PSU oil companies have not raised retail prices of petrol and diesel since November 4, 2021 despite a surge in global oil and fuel prices, a move seen as aiding the Bharatiya Janata Party (BJP) in crucial state assembly elections.
Prices were supposed to start aligning with cost after counting of votes on 10 March, but the ensuing start of the second half of the Budget Session meant that the price increases didn’t happen.
Private fuel retailers like Nayara Energy, Jio-bp and Shell were forced to hold petrol and diesel prices as they would have lost customers, if rates at their petrol pumps were higher than those of Indian Oil Corporation (IOC), Bharat Petroleum Corporation Ltd (BPCL) and Hindustan Petroleum Corporation Ltd (HPCL).
But now, the PSU retailers have hiked rates for bulk users such as state bus fleets and malls and airports which use diesel for generating back up electricity, sources said.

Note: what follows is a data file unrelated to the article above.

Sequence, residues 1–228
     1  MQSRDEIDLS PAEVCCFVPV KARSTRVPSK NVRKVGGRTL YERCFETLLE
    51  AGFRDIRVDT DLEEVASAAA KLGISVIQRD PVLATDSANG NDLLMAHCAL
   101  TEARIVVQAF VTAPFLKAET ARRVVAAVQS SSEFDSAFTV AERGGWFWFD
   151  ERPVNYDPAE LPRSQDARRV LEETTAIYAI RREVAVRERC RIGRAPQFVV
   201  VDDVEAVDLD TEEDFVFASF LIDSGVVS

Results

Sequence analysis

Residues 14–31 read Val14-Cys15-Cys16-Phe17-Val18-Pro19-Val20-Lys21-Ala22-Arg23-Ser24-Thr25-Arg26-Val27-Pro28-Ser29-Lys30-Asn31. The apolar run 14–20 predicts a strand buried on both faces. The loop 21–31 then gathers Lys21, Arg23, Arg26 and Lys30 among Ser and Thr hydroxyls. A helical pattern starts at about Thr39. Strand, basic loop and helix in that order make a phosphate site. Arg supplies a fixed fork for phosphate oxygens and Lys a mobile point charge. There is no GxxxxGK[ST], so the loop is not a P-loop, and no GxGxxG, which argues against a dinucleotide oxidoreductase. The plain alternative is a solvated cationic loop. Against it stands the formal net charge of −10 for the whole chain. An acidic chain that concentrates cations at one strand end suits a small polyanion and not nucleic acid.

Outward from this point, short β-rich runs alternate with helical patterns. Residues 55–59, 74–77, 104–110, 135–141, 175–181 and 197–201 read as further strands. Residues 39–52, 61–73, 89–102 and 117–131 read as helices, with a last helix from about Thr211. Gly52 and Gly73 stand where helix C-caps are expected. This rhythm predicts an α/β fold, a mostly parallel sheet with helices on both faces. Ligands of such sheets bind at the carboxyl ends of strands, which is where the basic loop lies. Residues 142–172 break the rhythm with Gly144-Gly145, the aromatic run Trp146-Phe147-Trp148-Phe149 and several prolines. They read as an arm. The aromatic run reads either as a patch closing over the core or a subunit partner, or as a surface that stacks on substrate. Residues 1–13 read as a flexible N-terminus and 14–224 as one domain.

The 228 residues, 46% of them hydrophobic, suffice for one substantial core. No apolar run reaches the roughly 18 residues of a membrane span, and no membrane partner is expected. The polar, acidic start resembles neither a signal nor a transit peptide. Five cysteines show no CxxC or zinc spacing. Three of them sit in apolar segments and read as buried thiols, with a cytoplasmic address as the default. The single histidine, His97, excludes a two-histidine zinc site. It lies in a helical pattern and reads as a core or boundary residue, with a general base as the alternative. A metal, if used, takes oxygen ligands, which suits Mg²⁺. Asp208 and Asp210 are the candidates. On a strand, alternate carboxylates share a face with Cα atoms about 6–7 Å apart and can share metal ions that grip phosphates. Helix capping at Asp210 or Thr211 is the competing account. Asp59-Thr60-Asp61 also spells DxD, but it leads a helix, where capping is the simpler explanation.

There is hardly any bulk or industrial user of petrol, diesel is widely used in industries.
The wide difference of about Rs 25 per litre between the bulk user rate and petrol pump price has prompted bulk users to refuel at petrol pumps rather than book tankers directly from oil companies, they said.
This has led to widening losses of oil companies, who were already bleeding from selling petrol and diesel at way below the cost.
While Nayara Energy did not reply to an email sent for comments, Jio-bp — the fuel retail joint venture of Reliance and UK’s bp — said “there is a massive surge of demand at fuel stations (retail outlets) due to increased delta of Rs 25 per cent between retail and industrial price of diesel, leading to heavy diversion of bulk diesel (direct customers) to retail outlets.”